The traumas of war linger long after the fighting has ended for the characters of Kantemir Balagov's "Beanpole," an unsparingly bleak but compelling tale of two female soldiers striving to rebuild their lives in the aftermath of World War II.
Iya (Viktoria Miroshnichenko) works as a nurse at a veterans' hospital in Leningrad in the weeks immediately following the end of the war. Nicknamed Beanpole because of her tall, lanky frame and unearthly pale complexion, Iya tends to the injuries of the male soldiers who reside there. She has ailments of her own; a concussion suffered during active duty has left her prone to fits of temporary paralysis. During these episodes she finds herself suddenly unable to move, emitting guttural, gasping breaths; limbs twitching as she struggles for air until the fit passes.
Dismissed from the army a year prior when she was diagnosed with post-concussion syndrome, Iya has psychological ailments to match her physical ones, but she mostly succeeds in keeping them bottled up inside. One of the bright spots in her life is her young son, Pashka (Timofey Glazkov) and she works hard to give him the life he deserves.
Then tragedy strikes, in a scene depicted by director Kantemir Balagov with heart-stopping matter-of-factness. That incident coincides with the return of her friend Masha (Vasilisa Perelygina), giving neither Iya nor the audience time to process what's happened. We learn then that Masha is actually Pashka's mother, and she'd sent her infant back with Iya to keep him safe.
The two women fought together as anti-aircraft gunners during the war, but in all other ways they're polar opposites. Despite her towering stature, Iya shrinks back from the world, while Masha responds with an impulsive intensity and a cruel streak that's only exacerbated by grief.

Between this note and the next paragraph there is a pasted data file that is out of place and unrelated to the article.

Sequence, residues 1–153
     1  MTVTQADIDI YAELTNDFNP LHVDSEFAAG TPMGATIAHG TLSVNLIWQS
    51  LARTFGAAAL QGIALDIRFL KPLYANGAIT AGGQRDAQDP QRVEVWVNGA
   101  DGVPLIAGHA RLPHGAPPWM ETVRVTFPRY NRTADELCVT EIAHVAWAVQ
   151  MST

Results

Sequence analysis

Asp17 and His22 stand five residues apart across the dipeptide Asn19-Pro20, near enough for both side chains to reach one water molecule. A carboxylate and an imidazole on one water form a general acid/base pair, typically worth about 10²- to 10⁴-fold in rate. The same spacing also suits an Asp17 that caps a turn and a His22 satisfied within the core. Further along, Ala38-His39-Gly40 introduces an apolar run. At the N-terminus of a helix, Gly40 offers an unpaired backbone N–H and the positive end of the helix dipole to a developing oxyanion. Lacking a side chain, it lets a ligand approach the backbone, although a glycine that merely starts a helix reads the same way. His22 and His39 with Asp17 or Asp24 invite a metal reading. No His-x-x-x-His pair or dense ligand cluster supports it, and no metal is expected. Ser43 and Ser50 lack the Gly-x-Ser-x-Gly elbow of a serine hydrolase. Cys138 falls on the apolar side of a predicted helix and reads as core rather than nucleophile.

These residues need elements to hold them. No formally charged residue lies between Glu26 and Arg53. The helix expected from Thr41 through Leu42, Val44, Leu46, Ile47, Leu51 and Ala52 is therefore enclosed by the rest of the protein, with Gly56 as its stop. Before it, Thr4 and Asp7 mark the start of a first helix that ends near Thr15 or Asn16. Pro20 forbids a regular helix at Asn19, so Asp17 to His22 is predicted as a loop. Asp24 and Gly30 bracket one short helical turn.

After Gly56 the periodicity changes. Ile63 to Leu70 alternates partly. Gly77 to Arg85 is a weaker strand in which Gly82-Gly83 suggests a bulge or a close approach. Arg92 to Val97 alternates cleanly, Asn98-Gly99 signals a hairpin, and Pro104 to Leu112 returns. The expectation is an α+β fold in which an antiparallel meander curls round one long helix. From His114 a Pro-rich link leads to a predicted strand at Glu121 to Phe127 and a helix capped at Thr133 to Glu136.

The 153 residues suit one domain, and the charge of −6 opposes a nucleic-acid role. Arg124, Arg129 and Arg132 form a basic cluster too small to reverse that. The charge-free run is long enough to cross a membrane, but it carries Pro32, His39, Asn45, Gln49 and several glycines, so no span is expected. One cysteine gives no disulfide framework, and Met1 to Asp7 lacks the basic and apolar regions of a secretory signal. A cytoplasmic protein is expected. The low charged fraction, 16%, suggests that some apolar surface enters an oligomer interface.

Masha barely appears to react to the tragic news when Iya finally tells her, but as the films goes on, it becomes quite clear that a lack of reaction doesn't mean it hasn't registered. On the contrary, it may have affected her more deeply than even she might realize, resulting in the sometimes inscrutable actions she takes throughout the film.
Iya and Masha both struggle to cope, and Balagov's film is interested in the many ways in which grief can manifest itself. War forever alters those who experience it, permanently affecting how they interact with the world. The women's experiences have left them numb, so used to regularly processing the worst that life has to offer that they come to expect nothing else.
A perversely codependent bond is formed, as the women lean on each other in ways that don't do either any good. Feelings of love and guilt swirl into a complex and messy concoction, as the friendship between the women curdles into something else entirely.
Cinematographer Kseniya Sereda's saturated color palette fills the frame with deep shades of green, golden hues, and the shocking vivid crimson of blood. The warm tones lend a heightened reality to the film's otherwise grounded view of post-war life.
"Beanpole" was inspired by Nobel Prize-winner Svetlana Alexievich's 1985 book "The Unwomanly Face of War," which gathered oral histories of female Soviet war veterans. And as the tragedies pile up the film sometimes threatens to tip over into misery porn. Despite all the horror and despair, the journey has its rewards, and there are glimmers of hope amid the grim narrative.
It helps that Balagov (who won the Un Certain Regard Best Director Award at last year's Cannes) refuses to see Iya or Masha as merely victims. Like him, we're compelled to try and understand these women, seeing the ways their story echoes the pain felt by an entire nation fighting to find its humanity once again.
Adam Lubitow is a freelance writer for CITY. Feedback on this article can be directed to firstname.lastname@example.org.